Jaspal Bhatti – television personality
(3 March 1955 – 25 October 2012)
Jaspal Bhatti 57, a much loved household name in the television industry has died on 25th October 2012 days before the release of his new punjabi moive ‘Power Cut’ (2012 film).
On Thursday 25 October 2012, he died in a car accident. The actor’s son Jasraj Bhatti was driving a Honda Accord which hit a tree near Shahkot in Nakodar area of the Jalandhar district. The incident took place at around 1.30 am. Jasraj lost control over the vehicle while taking a blind turn and rammed into a roadside tree. The actor, along with his son and actress Surilie Gautam were in the vehicle travelling from Bhatinda to Jalandhar for the promotion of ‘Power Cut’ (2012 film). Bhatti was sitting in the rear seat of the car and received serious injuries to the head. Bhatti was taken to a private hospital in Jalandhar where he was declared dead on arrival by doctors.
‘Pal Bhatti’ as he was known in the industry was born in Amritsar in March 1955. He attended an engineering college in Chandigarh and graduated as an electrical engineer. He was much loved for his humour and witty jokes which would light up any role that he took on. After college he took part in plays, worked in clubs and a Chandigarh newspaper called ‘The Tribune’ before commencing his career in the television business.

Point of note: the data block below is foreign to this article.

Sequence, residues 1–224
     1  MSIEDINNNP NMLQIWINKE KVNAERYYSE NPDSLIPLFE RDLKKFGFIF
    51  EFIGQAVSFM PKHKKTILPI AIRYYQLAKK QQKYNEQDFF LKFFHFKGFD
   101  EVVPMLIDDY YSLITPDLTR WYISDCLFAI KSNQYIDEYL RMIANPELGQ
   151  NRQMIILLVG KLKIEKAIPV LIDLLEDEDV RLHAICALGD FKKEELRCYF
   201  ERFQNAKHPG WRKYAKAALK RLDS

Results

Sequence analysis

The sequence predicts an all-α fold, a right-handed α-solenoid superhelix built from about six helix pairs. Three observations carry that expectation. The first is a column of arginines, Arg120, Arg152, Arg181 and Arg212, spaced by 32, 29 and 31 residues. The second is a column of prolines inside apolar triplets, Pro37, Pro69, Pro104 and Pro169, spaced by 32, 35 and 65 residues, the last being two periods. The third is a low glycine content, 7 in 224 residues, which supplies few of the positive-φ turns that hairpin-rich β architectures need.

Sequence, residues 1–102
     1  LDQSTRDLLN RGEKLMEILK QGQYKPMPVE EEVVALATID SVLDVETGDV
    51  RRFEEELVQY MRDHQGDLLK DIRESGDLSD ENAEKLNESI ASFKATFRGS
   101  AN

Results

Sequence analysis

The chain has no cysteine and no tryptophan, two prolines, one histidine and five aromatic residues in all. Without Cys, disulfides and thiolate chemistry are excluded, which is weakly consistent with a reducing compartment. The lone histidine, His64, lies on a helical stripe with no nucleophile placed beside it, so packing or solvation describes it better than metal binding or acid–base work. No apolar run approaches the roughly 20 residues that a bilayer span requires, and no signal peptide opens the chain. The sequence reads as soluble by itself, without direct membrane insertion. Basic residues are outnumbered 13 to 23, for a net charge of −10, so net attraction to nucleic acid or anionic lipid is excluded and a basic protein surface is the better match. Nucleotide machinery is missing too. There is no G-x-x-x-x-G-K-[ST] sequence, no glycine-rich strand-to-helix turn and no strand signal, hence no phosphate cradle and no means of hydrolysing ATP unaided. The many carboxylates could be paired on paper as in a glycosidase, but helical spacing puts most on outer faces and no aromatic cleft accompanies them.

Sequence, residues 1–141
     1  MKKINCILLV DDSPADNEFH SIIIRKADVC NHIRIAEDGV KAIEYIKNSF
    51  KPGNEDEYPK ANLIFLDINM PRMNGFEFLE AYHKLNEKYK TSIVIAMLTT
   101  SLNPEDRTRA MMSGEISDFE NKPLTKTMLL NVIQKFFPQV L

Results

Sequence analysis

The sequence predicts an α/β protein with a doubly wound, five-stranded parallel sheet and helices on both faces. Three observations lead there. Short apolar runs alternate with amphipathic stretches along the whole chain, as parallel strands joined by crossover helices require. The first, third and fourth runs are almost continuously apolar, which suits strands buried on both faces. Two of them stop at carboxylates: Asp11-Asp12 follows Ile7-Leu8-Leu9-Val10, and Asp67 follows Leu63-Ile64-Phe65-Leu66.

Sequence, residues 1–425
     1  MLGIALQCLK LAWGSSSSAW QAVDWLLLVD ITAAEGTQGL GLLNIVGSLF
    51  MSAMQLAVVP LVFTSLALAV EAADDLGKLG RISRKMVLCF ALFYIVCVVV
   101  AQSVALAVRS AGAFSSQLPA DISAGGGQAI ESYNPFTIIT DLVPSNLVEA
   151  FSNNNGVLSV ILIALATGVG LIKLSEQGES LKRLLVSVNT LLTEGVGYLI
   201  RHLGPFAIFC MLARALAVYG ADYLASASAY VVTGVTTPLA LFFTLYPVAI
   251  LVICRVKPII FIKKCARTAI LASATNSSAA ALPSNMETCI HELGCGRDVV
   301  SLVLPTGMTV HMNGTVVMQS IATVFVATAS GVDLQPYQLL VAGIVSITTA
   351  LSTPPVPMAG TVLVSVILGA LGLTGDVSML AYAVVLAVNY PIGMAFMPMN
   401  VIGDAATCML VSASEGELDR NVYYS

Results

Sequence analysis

Jaspal was married to Savita Bhatti who not only worked alongside her husband in one of his very first films but also produced the ‘Flop Show’. This is still dearly remembered and holds a powerful legacy. He was regular seen in TV series and movies including ‘Ulta Pulta’, ‘Mahaul Theek Hai’, ‘Jijaji’, and even competed in hit Star Plus show ‘Nach Baliye’ as a comedy act.
The enthusiastic individual was well known for his political position and action during elections.
He was respected and held in the highest esteem by people all over the world for his accurate portrayal of middle class in India. Jaspal Bhatti was granted the Lifetime Achievement Award at the first ‘Golden Kela Awards’.
Leading media critic ‘Amita Malik’ spoke about Jaspal Bhatti saying he has ‘the correct style for TV, an understated, quiet humour which sinks in without shouting, and which mercilessly exposes both corruption in our everyday life and the typical people, who thrive on it’.
He will be very dearly missed by old and young all over the world.
By Gurpreet Kaur